Barry Kirwan first wrote fiction at the age of fifteen, delivering a popular weekly fantasy serial for his school class-mates. After leaving university he turned to non-fiction and had four books published in the domain of his day job, which concerns the avoidance of human error in large-scale industrial and aviation accidents. He turned back to fiction when he arrived in Paris in 2001, after attending a writing course by Canadian author Lauren Davis, followed by a Flash Fiction course by Jennifer K. Dick, whereupon he joined a writers group and began writing short stories. During a Paris Writers Workshop, Atlantic Fiction editor Michael C Curtis suggested he turn one of his short stories, called Trouble in Eden, into a novel, and five years later the Eden Paradox was published. The novel received some success, many considering it a revival of classic science-fiction mores with contemporary writing style and novel science fiction ideas. The two most common comments were “I don’t normally read science fiction, but I like this”, and “it’s so cinematic, I can see all the scenes.” The novel became a trilogy, the second and third books each arriving one year later, but the series demanded a final fourth book, Eden’s Endgame, published at the end of 2014. The Eden Paradox series, as with most science fiction, poses questions about humanity. What if the galaxy is inhabited, and we’re not the smartest kids on the block (the Eden Paradox)? Given our propensity for war and ‘inhumanity’ to our fellow man and woman, how would an advanced alien civilisation judge us (Eden’s Trial)?  If we could genetically advance our children, would it be a good idea (Eden’s Revenge)? And if the galaxy needed us in a time of war, would we be up to the challenge, able to rise above our weaknesses and prejudices (Eden’s Endgame)? The series is multi-protagonist and all four books are multi-threaded with tightening plots (Barry calls this ‘tourniquet-plotting), following characters who grow as the books develop, and because it is set in the context of a brewing galactic war, quite a few do not make it to the end.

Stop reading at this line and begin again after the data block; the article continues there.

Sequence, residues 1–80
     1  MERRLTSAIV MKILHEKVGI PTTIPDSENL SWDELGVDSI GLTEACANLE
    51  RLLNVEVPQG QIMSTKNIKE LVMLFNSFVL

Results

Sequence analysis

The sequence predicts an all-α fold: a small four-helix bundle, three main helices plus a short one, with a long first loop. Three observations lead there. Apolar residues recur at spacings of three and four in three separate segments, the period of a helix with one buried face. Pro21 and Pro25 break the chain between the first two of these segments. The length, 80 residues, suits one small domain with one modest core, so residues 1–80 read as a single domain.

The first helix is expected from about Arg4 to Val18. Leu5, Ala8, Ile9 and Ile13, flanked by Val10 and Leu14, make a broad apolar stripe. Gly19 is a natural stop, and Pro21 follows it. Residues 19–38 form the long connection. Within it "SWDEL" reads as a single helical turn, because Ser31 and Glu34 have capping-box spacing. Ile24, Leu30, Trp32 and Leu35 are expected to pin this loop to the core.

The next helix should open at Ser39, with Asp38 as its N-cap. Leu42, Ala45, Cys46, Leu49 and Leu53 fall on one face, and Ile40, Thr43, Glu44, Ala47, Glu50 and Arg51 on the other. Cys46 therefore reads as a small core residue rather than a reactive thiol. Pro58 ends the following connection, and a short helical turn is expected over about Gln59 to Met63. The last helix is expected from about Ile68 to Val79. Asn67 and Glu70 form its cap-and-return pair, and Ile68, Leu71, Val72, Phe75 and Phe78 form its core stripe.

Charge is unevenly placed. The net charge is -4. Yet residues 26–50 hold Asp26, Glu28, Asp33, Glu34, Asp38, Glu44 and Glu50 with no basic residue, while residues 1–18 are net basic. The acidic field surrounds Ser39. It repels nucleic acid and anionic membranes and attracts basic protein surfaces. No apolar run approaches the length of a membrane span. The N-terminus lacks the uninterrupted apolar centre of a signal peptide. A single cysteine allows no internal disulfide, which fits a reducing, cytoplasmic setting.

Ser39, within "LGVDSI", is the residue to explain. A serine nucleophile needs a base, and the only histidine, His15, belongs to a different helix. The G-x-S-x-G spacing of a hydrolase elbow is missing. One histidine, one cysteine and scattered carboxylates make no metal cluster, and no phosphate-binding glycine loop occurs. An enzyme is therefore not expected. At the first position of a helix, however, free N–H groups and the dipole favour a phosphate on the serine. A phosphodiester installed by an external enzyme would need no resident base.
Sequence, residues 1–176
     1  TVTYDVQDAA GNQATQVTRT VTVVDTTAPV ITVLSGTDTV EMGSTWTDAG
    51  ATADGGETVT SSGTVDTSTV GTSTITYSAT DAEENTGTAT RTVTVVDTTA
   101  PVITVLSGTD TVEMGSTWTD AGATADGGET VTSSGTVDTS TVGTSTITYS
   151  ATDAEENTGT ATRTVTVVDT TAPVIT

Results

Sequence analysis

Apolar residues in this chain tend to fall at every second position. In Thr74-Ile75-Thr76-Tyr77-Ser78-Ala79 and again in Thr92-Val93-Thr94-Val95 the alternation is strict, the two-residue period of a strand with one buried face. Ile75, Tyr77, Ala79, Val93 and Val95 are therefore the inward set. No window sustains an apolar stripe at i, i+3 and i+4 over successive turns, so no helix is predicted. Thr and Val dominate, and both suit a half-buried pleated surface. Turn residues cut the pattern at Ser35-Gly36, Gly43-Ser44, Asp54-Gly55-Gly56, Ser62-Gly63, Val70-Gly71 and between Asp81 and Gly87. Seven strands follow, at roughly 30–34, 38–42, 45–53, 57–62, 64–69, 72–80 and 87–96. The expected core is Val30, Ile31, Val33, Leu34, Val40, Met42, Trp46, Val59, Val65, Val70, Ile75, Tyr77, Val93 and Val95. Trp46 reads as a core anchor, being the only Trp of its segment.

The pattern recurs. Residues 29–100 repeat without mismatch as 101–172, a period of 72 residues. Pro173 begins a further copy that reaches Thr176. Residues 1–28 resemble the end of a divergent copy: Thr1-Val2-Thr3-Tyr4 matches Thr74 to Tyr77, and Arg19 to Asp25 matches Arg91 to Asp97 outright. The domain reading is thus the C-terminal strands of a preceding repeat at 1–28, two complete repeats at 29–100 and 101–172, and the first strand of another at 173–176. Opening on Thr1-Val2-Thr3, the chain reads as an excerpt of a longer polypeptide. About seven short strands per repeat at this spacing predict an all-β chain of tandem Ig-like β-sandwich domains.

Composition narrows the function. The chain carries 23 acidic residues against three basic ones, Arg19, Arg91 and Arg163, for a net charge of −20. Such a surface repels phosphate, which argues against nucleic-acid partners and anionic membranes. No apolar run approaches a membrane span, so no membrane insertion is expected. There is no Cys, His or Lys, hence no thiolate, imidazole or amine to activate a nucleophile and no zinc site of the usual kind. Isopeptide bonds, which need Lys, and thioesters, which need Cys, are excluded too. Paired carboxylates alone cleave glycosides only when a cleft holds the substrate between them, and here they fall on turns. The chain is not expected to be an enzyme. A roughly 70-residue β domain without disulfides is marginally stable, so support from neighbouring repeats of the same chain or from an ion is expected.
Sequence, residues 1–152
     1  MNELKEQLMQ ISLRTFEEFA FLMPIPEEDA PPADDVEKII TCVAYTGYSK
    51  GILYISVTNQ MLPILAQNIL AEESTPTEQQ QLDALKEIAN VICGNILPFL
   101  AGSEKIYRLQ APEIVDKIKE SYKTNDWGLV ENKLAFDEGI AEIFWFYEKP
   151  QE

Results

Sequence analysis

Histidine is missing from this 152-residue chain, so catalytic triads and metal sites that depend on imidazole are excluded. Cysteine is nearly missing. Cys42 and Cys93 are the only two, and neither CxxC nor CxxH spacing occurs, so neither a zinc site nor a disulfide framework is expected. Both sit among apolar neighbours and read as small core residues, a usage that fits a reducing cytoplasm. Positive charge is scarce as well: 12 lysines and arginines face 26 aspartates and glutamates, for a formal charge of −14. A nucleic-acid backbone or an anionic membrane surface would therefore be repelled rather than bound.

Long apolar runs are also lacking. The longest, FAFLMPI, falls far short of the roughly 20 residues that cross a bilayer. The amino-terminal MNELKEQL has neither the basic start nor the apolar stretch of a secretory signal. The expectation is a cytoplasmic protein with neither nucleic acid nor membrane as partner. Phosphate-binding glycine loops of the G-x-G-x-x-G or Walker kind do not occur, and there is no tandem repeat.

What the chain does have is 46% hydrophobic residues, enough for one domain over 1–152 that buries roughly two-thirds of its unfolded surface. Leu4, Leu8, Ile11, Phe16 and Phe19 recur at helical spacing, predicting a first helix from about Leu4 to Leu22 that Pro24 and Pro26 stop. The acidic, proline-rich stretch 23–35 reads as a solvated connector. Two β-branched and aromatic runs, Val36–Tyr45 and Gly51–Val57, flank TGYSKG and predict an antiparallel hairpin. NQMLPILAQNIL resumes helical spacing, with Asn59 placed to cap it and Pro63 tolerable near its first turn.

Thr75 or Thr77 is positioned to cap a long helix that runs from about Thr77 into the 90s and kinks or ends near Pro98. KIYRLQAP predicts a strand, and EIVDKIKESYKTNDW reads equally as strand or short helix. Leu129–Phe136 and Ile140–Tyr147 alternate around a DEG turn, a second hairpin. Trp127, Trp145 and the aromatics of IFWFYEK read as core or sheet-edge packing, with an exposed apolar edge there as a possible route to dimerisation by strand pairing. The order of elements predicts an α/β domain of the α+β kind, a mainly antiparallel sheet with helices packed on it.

There are also a number of short stories – fiction as well as science fiction – freely available on the author’s website www.barrykirwan.com , including one for aspiring and perhaps disillusioned would-be writers, called Writerholics Anonymous, and he publishes a popular blog on the same website dealing with science fiction and what he has learned over the years about the craft of writing. Having finished the Eden Paradox series, he is currently working on a thriller called Sixty-Six Metres, in which a young female Russian agent is trying to retrieve a military device lost at the foot of a shipwreck, while both the Mafia and the CIA are closing in on her, the body count rising steadily throughout the book. Following this project, he plans to return to science fiction with a new novel called Last Human. Barry belongs to a writing group called – somewhat anachronistically – Men with Pens (half the group is female). MWP meets every few weeks at a café in Montparnasse, where the food is good, and the wine flows freely to assuage the sometimes brutal critiquing that serves as the main course. He believes strongly in the utility of writing groups as a resource for authors, particularly those who cannot be full-time writers. He also believes there is something intrinsically literary about Paris, which encourages people to write.